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Vietnam Policy For Kids

Let’s Visit VietNam
Caldwell
1966

And we are back with another country book from olden times. This is less about the country and people of Vietnam and more about US involvement and the fight against communism. I practically expected Lyndon Johnson to pop out from the pages and tell me to get with the program.  I especially cringed at the reference to the “yellow branch of the human family”. Even by the time Saigon fell in 1975, this book would have been woefully inadequate and should have been weeded by then.

Mary

How about some counter-culture?

Damn, Dirty Hippies

Dirty Hippies Living on Love

Peace Love and Flower Power


30 Responses to Vietnam Policy For Kids

  • If this isn’t extremely useful to a highschool senior with a history essay to write on the Vietnam War then something is badly wrong with how you teach history in the USA. This is what serious historians call a primary source, being written by someone who was there at the time; that’s incredibly valuable for a picture of contemporary attitudes and values, which you need for a proper essay of the sort where you form an opinion and defend it with various sources, which I might add is what English kids were expected to do from ninth grade onwards in history classes when I was still at school.

    • I’d have to disagree Jake. This is only a primary source if the student is writing about children’s education in the 1960s. This is a secondary source, and an outdated one. It would be great in a college class about the history of education, or historiography. If a high school senior is looking for a primary source for a history paper about Vietnam they should be looking at old newspapers, or interviewing their grandparents. Not reading outdated political science picture books.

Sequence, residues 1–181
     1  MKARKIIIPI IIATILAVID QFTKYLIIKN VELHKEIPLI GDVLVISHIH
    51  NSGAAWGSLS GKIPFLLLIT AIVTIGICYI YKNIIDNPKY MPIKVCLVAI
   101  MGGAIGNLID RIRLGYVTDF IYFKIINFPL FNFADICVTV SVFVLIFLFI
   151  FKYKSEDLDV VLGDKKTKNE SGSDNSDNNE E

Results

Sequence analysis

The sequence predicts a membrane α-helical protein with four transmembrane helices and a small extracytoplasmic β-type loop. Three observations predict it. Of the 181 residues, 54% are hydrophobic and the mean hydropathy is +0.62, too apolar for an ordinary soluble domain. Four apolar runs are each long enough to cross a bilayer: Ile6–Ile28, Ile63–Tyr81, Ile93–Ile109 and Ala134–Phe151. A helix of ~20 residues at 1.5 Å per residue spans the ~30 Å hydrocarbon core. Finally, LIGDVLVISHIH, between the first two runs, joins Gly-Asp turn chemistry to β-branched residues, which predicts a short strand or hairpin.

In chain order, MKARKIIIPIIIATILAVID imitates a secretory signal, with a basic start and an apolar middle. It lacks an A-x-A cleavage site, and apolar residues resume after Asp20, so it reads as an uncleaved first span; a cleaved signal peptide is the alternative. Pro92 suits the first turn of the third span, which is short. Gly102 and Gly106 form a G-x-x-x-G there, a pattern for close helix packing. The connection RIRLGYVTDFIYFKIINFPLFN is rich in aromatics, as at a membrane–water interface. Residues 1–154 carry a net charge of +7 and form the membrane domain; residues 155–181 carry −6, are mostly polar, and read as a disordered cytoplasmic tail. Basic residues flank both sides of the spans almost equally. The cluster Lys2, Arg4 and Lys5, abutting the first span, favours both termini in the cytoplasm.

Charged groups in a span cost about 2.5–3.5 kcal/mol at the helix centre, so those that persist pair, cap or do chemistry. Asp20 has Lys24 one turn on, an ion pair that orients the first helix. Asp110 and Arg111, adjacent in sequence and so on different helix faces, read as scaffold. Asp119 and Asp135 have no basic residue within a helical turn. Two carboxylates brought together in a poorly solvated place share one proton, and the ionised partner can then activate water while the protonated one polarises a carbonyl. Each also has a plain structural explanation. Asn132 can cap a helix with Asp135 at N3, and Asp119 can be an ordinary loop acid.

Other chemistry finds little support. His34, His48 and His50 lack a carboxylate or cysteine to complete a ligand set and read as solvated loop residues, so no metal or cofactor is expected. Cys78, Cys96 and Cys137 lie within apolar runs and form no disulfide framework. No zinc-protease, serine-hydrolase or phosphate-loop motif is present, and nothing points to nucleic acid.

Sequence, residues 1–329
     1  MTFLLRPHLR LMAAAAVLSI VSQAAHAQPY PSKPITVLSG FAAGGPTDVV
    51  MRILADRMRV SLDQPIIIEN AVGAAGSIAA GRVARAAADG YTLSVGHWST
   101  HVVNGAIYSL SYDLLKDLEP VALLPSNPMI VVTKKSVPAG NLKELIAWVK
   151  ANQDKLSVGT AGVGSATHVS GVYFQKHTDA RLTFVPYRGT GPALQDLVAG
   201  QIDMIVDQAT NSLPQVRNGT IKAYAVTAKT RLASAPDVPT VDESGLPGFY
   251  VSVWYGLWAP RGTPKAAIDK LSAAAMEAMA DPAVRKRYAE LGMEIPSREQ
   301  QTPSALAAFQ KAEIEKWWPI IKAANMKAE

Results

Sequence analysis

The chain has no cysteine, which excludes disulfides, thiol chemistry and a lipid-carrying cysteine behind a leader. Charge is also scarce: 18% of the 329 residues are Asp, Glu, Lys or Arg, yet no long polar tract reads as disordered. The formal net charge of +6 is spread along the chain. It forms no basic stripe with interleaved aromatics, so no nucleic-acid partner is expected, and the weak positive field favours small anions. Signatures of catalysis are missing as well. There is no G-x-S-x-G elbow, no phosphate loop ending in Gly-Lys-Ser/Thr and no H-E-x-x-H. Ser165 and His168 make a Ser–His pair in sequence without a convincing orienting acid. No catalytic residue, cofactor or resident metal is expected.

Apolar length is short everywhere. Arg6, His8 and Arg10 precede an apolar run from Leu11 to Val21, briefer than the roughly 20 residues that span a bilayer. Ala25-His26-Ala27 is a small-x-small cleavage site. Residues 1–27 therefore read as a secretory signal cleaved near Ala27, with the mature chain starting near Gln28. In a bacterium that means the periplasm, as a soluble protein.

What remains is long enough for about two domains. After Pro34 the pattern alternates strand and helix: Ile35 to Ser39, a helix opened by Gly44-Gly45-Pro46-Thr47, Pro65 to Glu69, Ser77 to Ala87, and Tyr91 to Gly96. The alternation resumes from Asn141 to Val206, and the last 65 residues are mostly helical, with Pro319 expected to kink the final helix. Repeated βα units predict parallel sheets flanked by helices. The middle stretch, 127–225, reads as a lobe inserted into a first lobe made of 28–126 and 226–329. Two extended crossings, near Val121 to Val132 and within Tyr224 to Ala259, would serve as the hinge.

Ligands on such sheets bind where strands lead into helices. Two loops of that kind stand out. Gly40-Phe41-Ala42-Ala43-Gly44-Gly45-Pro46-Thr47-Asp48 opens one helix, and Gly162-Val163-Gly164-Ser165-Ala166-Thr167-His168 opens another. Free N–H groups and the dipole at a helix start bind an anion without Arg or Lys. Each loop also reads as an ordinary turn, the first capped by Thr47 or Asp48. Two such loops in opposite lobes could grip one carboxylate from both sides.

• Excellent point, M. I would also argue that it would be a good primary source (for a university/grad thesis, that is) for general attitudes towards Vietnam and the war during that very specific time period, as it appears to have been used widely throughout the US for schoolchildren. It shows how desperate the powers-that-be were to have everyone on board, given that parents would be helping their children with any related schoolwork using a book like this.

        In fact, it makes me want to find books that I was exposed to when I was of a comparable age during the first gulf war. (Granted, that was a vastly shorter conflict, so a whole book might be harder to find.)

      • Your absolutely right. I shudder to think where this “Jake” might work!

    • Elementary and/or high school libraries/media centers are not the place for primary sources. There is not the room on the shelves nor the staffing to be able to place these things in context. University library, yes. Special library, yes. Even a major metropolitan public library in the reference section, absolutely. 50-year-old racist government propaganda should absolutely be kept as a historical piece, just not on the children’s shelves next to, say, the 2002 book “Huy & Vinh’s day: from dawn to dusk in a Vietnamese city” as though they were equally relevant to life in Vietnam now.

      • I disagree about having primary sources in elementary and high school libraries. If a student isn’t taught what a primary source is, how are they going to learn without access to them? The material should be properly vetted, of course, but even high school students should have access to primary source materials.

      • As a high school librarian, I have to disagree. High school libraries are places for primary sources! Many student assignments require use of primary sources in addition to secondary sources.

    • “high school senior?” “history essay?”
      Hahahahahahahahahahahahahahahaha!
      -American educator